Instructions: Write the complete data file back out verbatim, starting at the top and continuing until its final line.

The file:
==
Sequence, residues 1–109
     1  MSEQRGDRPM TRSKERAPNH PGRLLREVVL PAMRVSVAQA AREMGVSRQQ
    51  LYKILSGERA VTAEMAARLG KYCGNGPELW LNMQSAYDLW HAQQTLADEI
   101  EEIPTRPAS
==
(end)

Sequence, residues 1–109
     1  MSEQRGDRPM TRSKERAPNH PGRLLREVVL PAMRVSVAQA AREMGVSRQQ
    51  LYKILSGERA VTAEMAARLG KYCGNGPELW LNMQSAYDLW HAQQTLADEI
   101  EEIPTRPAS